Simmental: 50 Years Strong

Simmental cattle first arrived in New Zealand in the early 1970s in a wave of European breed imports intended to inject new life into beef production. Words by Tony Leggett.

In Beef Country4 Minutes
The farm of Tony and Glennis Thompson. Waipukarau, Hawkes Bay.

Seven Simmental bulls were among consignments of four exotic breeds in a live shipment, arriving in Wellington Harbour in April 1972. The 30 bulls spent their first 30 weeks in quarantine on Somes Island before being released for evaluation on several government-owned research properties. The other breeds in the original shipment were Blonde d’Aquitaine, Limousin, and Maine-Anjou, but none of them have gained the foothold of the Simmental breed in New Zealand. Small consignments of purebred heifers were imported in the following years along with semen from several countries.

One of the first purebred heifer consignments imported was a group of 24 from Germany, organised by the government which selected half for its Lands & Survey farms and offered the other half to breeders through a ballot system. Those lucky in the ballot made their selections while the cattle were completing quarantine on Somes Island in Wellington Harbour.

Not surprisingly, there was enormous demand for any purebred Simmental or Simmental cross cattle in those early days, and prices reflected it.

Commercial cattlemen also began to discover hybrid vigour and Simmental bulls were increasingly being used in cross-breeding programmes over the mostly British breeds throughout the country.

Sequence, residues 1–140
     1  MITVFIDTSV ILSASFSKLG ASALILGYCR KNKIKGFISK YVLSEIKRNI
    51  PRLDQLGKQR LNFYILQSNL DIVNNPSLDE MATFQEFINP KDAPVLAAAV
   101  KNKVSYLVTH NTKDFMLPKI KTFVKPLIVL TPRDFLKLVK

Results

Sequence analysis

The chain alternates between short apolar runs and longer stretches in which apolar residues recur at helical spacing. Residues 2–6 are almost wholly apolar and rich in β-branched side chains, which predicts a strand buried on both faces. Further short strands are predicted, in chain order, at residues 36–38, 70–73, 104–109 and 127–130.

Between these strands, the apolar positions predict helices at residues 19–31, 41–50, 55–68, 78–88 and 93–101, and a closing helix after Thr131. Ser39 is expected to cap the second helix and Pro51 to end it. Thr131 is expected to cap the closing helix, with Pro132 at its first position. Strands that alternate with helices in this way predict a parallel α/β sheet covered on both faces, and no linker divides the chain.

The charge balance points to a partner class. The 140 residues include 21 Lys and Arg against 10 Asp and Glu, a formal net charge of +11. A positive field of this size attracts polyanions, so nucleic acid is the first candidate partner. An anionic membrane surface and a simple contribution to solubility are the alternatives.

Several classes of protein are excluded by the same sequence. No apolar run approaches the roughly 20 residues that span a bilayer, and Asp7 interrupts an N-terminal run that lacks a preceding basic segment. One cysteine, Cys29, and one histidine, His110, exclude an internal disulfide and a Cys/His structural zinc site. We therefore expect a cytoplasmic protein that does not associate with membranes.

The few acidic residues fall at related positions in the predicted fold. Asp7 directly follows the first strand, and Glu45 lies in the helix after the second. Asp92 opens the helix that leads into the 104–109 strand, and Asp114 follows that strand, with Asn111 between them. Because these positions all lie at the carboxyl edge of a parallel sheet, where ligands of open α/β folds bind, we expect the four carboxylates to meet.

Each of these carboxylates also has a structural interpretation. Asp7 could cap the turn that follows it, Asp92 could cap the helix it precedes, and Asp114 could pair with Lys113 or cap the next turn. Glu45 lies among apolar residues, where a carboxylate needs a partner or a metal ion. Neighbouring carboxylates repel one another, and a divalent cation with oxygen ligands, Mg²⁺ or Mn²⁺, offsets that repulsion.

At one stage, the New Zealand Simmental Cattle Breeders Society (Simmental NZ) boasted more than 1000 members, including a future Minister of Agriculture, Jim Sutton.

Adding to the membership in the early days were many Australian breeders who joined when NZ became the route for imports of live cattle and semen to Australia.

Just over 50 years later, there are now 45 registered studs active on the herd book and the Simmental breed is the third ranked breed for registered stud females in the country.

Current breed Simmental NZ President Tracey Neal says the opportunity for cross-breeding with the large British breed cow base here in NZ remains a major attraction for Simmentals as it was in the seventies. “Heterosis was in play and it was a free lunch for many breeders who used Simmental bulls over their British breed cows. The progeny were exceptional and Simmental-sired weaners are often still among the top priced pens of calves sold at weaner fairs right across the country.”

Tracey says the terminal sire bull market remains the primary outlet for Simmental bull breeders, but many are now targeting the dairy bull market and Simmentals are prominent in the rankings within Beef + Lamb NZ’s Dairy Beef Progeny Test.

It hasn’t all been plain sailing for the breed in NZ. It took 15 years and heavy culling to overcome the stigma of Simmentals being renowned as a stroppy breed. “As a breed society, we were the first to introduce an estimated breeding value (EBV) for docility and to measure docility in our heifers at both weaner and rising two-year-old stage, so we could cull poorly ranked cattle from our herds,” she says.

At an individual stud level, just two studs, both in Hawke’s Bay, have reached the milestone of 50 years of breeding Simmental cattle. The Absolom family’s Rissington stud at Rissington notched up five decades in 2021 and Tony Thompson joined Simmental NZ in 1971 but registered his Glenanthony stud in 1973, initially at Matamata then Waipukurau.